Hugh Blair (25 May 1864 – 22 July 1932) was an English musician, composer and organist. Born in Worcester, he was the son of Rev. Robert Hugh Blair, who founded Worcester College for the Blind in 1866. A chorister at Worcester Cathedral and a pupil at The King's School, Worcester, Blair was organ scholar at Christ's College, Cambridge, graduating B.A. 1886, Mus.B. 1887, M.A. 1896 and Mus.D. 1906.
He was Organist of Worcester Cathedral from 1895 to 1897, having been Acting Organist before that time. Edward Elgar dedicated his cantata "The Black Knight" to Blair, who was conductor of the Worcester Festival Choral Society.
Worcester Cathedral Library contains copies of Blair's compositions, and his splendid Magnificat and Nunc Dimittis in B minor for double choir is in the repertoire of every cathedral choir, and is still often performed and recorded.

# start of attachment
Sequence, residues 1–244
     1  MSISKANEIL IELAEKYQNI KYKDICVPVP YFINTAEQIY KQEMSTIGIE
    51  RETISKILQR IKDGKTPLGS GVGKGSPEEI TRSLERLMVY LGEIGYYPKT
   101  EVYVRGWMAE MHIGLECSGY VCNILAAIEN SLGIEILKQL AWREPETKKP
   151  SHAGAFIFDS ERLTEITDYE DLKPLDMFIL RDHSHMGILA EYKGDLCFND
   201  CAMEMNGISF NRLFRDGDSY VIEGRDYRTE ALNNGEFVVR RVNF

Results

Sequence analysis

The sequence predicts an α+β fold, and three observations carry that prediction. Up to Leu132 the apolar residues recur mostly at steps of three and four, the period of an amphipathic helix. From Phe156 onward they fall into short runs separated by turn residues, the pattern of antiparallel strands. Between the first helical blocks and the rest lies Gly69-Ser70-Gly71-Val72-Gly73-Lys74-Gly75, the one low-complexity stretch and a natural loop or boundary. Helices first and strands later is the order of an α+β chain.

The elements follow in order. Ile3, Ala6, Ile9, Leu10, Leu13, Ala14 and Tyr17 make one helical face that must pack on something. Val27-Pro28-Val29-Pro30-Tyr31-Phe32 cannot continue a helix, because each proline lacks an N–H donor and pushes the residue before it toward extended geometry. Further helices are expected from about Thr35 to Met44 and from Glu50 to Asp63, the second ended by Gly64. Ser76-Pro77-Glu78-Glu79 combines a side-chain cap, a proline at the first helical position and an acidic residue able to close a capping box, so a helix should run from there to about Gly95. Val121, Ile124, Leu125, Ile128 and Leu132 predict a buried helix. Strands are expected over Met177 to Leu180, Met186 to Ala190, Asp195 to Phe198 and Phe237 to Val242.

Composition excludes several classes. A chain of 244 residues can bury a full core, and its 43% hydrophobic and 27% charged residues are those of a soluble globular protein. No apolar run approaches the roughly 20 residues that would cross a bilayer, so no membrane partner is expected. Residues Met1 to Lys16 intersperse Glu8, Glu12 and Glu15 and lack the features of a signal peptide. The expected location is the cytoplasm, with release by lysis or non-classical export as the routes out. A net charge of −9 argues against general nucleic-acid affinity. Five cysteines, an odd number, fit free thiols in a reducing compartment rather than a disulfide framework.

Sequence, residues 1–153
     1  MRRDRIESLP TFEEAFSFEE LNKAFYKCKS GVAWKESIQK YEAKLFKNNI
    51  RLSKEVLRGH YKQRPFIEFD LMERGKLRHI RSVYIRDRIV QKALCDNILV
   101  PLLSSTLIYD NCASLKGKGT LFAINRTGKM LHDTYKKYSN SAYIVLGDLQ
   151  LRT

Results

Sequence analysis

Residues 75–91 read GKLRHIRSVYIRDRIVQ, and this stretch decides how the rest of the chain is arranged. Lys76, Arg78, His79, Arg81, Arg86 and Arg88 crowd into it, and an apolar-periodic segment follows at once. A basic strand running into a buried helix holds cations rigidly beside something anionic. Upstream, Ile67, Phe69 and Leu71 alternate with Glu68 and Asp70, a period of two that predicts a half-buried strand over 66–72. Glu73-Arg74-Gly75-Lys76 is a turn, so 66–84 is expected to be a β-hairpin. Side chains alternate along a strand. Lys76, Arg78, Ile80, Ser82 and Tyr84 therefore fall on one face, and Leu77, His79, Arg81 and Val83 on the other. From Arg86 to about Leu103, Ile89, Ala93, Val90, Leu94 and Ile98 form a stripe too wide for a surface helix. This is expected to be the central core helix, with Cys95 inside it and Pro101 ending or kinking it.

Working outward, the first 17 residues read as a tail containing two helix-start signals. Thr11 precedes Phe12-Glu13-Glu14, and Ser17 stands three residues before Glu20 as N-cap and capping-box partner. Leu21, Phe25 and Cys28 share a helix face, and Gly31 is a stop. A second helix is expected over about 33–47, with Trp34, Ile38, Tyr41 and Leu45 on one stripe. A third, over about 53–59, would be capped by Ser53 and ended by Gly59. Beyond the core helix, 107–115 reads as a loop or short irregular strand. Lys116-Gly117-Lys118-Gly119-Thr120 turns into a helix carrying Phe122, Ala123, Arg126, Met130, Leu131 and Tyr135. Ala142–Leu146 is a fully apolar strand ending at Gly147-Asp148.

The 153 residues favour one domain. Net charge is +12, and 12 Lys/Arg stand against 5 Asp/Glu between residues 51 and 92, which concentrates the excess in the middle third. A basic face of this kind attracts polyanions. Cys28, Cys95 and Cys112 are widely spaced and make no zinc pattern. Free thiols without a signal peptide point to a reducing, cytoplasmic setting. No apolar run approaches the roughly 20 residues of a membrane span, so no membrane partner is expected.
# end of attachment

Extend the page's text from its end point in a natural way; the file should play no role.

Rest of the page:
"Bridal Processional" was published in 1925 (only 7 years before Blair's death) by H.W. Gray as No. 331 in their very popular "St. Cecilia Series." I suspect it is an earlier piece, and is "fully Elgarian" in its swing. The processional is dedicated: "To my friend Reginald Silver, Esq."
I can't help but think that you'll get a chuckle out of thinking of this as a "wedding march!" It's rather "mysterious" opening, would probably thought of as "ominous" by most modern brides - which perhaps is a "good" tone for some weddings... ;-)
You might like it a bit faster, but I attempted to play this AS a grand wedding processional, so the I never rush it, keeping it "expansive."
While it probably won't find much use as a wedding piece, it still makes for a grand march, and I hope you'll like it and find use for it.
The score is attached, as well as a photo of Blair with the cathedral choir, the Hope-Jones organ console that Blair would have played, a photo of the Quire of Worcester (looking east), and THE famous photo showing the cathedral in majestic tranquility, perched upon the banks of the Severn River.